Every major holiday has its classic color scheme. Halloween decorations are generally orange and black. Valentine’s Day is known for its reds, whites, and pinks. And every year around Christmas, the world sparkles with red and green hues.
Society has long associated Christmas with this classic color combo. We’ve accepted green and red as the most festive way to decorate cookies and homes, as long as you don’t go overboard. Yet we do so without any inkling of doubt. Sure, red and green make a lovely pair, but how did they become the official colors of Christmas? These are the 18 holiday decorating mistakes you didn’t know you were making.
It actually started centuries ago, when the colors were used to commemorate a different holiday. Ancient Celtic peoples revered red- and green-colored holly plants for being evergreen and believed holly was meant to keep Earth beautiful during the dead of winter. So when they and other cultures celebrated the winter solstice, they decorated their homes with holly to bring protection and good luck to their families in the coming year. Here are 9 surprising facts about the winter solstice.
The tradition of pairing red and green dates continued into the 14th century, when the colors were used to paint medieval rood screens, which were partitions installed in churches to separate the congregation from the priest and the altar. Dr. Spike Bucklow, a research scientist at the University of Cambridge, speculates that this physical boundary could have influenced Victorians to associate the colors with a different boundary, marking the end of the old year and the beginning of a new one at Christmas.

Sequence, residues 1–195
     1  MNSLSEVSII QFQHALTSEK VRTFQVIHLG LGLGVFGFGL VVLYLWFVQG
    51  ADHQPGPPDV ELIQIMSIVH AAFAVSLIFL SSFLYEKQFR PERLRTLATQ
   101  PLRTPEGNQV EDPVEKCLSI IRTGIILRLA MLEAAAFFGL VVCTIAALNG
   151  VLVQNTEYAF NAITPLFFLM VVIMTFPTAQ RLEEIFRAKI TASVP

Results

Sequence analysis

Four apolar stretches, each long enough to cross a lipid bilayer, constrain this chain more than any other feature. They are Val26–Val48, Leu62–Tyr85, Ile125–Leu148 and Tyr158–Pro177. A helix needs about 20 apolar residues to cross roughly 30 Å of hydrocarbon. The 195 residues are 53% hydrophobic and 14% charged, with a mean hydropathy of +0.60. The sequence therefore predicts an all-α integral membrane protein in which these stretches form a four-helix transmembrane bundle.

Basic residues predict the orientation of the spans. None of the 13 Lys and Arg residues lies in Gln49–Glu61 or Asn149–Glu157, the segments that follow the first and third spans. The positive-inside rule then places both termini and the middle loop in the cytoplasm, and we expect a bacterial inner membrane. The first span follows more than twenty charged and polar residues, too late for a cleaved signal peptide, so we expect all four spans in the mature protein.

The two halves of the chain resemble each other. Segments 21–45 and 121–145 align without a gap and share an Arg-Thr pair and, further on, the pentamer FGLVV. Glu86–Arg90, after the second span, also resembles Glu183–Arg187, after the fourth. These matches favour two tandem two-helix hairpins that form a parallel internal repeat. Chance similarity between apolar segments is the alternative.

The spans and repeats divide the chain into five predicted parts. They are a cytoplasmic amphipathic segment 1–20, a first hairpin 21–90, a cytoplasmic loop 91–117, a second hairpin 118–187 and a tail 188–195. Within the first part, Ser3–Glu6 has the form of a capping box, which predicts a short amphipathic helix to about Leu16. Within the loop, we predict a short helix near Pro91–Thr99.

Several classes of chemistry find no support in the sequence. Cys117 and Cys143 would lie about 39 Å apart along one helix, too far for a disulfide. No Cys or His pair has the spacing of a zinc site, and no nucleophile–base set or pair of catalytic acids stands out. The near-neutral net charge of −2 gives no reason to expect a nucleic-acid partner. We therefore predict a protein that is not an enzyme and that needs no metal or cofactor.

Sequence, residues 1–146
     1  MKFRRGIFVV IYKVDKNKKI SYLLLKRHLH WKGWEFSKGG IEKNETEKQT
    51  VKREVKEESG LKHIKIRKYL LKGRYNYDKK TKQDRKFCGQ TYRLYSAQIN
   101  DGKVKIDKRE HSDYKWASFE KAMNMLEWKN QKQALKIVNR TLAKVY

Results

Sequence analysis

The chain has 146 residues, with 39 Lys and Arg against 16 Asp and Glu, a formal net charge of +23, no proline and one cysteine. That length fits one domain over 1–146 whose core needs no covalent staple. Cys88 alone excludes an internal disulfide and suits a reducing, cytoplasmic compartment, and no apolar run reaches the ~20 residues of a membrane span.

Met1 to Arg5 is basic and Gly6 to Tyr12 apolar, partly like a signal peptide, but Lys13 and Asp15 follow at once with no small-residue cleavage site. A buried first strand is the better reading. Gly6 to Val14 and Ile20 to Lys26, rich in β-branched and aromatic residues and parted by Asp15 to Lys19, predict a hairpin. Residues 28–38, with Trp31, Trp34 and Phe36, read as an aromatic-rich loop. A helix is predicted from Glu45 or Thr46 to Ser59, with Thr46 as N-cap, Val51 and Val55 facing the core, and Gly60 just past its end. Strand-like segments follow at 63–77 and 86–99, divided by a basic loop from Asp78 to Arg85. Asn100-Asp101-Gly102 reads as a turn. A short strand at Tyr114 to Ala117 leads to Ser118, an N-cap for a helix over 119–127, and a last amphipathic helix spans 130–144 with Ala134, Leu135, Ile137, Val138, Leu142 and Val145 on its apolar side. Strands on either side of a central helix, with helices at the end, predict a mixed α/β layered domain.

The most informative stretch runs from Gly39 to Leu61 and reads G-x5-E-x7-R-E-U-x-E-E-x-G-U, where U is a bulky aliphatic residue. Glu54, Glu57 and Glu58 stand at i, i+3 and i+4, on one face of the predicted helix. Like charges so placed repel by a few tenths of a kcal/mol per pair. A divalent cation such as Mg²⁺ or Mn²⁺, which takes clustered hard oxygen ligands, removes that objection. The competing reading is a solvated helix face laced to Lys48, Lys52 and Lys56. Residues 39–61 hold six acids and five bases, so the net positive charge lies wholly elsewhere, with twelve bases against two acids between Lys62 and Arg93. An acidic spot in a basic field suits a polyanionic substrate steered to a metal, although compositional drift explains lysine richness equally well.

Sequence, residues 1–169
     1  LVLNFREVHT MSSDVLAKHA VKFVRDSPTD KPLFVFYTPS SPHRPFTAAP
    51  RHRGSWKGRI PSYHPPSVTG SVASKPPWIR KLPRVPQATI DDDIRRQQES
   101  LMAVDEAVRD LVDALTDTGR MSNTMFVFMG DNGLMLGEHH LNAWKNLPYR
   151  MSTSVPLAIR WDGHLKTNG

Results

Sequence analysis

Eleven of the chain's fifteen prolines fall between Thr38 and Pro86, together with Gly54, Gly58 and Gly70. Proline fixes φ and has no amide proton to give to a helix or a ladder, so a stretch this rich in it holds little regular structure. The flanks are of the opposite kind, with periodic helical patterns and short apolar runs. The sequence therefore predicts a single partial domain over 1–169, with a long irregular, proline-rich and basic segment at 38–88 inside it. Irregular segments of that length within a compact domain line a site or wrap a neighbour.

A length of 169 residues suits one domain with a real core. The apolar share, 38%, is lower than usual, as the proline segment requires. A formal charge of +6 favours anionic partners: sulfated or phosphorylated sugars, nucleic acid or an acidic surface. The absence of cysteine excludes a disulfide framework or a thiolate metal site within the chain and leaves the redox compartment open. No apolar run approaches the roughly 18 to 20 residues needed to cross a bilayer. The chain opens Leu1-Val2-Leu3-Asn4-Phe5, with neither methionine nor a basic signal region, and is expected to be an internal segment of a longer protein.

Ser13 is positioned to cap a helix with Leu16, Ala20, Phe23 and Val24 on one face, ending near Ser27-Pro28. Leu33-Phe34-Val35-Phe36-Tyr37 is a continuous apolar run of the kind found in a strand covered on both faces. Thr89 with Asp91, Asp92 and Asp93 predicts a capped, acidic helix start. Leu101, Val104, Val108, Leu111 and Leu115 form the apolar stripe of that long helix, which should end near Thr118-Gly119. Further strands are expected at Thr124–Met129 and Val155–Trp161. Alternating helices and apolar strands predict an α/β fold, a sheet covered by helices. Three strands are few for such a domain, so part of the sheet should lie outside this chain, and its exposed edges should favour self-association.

Despite these meaningful religious traditions, there’s one person we should thank for confirming red and green as Christmas colors: Haddon Sundblom. Never heard of him? He’s the guy that Coca-Cola hired to draw a Santa Claus for the company’s ads.
Until that point, artistic renditions of Santa were never consistent. He was usually a thin-looking guy, and his robes varied between blue, green, and red. Sundblom chose to make him fat and jolly, wearing red robes (and, interestingly enough, the same color as the Coke logo). As Arielle Eckstut, co-author of Secret Language of Color, told NPR, that creative decision made all the difference. Of course, the ads grew in popularity, and people came to know Sundblom’s Santa as “the real one.” “It solidified in our collective imaginations the red of Santa’s robes with the green of fir trees and holly and poinsettia that we already had in our minds,” she said.
It seems that the history of how red and green came to symbolize Christmas is a lot like the holiday itself: rooted in religious tradition, modernized by commercialism, and continued by spirits of joy and good cheer. Think about that the next time you see lights blinking bright red and green. Next, check out the history of 10 favorite Christmas traditions.